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Review: Malajube – La Caverne

By Alina Perez Gomez

Dare to Care presents the fourth album by Canada’s indie rock heroes, Malajube.  Hailing from Montreal, Malajube is a quartet led by Julien Mineau on vocals and guitar.  Their first album, Le Compte Complet, in 2004 gained them instant fame in Quebec.  By their second album release in 2006, Malajube began to tour the US and gain international recognition.  While many bands that gain international fame turn to English to propel them to a wider stage, Malajube faithfully continues singing French lyrics.  Don’t speak French?  Not to worry.  Dubbed the language of romance, French is beautiful to listen to despite a lack of understanding.  And don’t forget, guitars and keyboards speak only one language that we can all understand.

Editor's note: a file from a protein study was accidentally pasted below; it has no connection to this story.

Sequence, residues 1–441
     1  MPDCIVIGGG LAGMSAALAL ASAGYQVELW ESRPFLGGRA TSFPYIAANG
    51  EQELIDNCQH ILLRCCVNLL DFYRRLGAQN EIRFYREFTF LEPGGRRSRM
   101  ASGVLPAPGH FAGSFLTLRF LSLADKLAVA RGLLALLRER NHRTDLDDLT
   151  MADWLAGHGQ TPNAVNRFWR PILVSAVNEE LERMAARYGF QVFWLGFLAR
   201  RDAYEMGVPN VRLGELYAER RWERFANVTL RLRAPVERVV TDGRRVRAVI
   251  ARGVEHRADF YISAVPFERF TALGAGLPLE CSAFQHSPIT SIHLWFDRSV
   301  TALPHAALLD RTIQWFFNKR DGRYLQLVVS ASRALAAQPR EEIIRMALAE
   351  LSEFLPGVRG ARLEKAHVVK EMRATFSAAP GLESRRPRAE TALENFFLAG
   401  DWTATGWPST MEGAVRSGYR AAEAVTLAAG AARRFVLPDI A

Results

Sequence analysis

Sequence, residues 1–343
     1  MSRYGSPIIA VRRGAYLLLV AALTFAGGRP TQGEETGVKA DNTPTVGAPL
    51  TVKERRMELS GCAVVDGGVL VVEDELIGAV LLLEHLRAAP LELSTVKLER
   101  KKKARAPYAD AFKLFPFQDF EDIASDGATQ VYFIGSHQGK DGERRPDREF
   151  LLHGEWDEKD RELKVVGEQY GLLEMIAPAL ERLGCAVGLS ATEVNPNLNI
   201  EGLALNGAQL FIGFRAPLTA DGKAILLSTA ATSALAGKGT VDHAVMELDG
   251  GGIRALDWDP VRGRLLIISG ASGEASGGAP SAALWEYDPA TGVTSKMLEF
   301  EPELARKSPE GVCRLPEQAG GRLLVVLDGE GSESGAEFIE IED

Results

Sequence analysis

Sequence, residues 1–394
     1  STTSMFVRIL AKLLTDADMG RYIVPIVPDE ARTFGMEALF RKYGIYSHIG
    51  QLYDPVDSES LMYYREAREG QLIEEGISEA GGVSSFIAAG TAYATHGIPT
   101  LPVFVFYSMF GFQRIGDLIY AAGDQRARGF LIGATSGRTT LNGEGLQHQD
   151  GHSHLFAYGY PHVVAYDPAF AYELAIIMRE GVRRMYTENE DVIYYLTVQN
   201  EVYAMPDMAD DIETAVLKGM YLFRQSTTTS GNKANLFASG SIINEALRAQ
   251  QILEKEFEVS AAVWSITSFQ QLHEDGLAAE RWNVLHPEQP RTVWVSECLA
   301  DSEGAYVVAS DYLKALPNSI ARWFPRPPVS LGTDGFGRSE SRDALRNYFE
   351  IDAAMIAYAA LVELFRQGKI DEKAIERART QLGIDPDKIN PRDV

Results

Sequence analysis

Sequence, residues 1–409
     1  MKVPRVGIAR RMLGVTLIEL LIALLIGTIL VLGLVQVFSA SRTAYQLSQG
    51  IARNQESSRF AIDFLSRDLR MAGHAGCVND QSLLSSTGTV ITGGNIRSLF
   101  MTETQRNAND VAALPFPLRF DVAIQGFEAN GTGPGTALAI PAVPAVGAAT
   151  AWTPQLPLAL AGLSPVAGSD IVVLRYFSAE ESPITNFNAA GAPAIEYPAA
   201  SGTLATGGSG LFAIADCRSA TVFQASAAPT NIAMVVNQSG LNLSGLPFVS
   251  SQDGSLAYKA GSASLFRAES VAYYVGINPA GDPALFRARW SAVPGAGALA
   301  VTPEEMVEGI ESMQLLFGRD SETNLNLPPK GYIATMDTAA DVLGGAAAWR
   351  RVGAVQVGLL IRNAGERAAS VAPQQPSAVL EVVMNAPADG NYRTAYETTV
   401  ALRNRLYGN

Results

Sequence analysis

La Caverne (“The Cavern” in English) features light, trippy atmospheric melodies accompanied by wispy, echoed vocals.  It has a calmer sound than their previous albums, evoking a sense of relaxation and exploration.  It is a sound that, if described through images, would look like a vast trip through the galaxy.  Their style varies from upbeat-indie-rock to a darker progressive-rock, dare I say, a baroque sound.  They sound a little like The Shins (if The Shins spoke French).

The album starts off with the upbeat electro-disco sounds of “Synesthésie”, an energetic song with fun guitar riffs.  It is immediately followed by one of my favorite songs of the album, “Cro-Magnon”, the completely danceable track with great keyboard work.  Then the album kicks it down a notch to present the more melancholy sound of “Sangsues” with baroque undertones.  “Le Blizzard” brings things back to an electro-pop land, with coy guitar sounds and playful keyboards.  They end the album on a high note with “Chienne Folle”.

So don’t let what you don’t understand scare you away from Malajube’s La Caverne.  If you enjoy electro-pop indie sounds, you won’t regret it.  You may end up discovering a new love for foreign indie rock.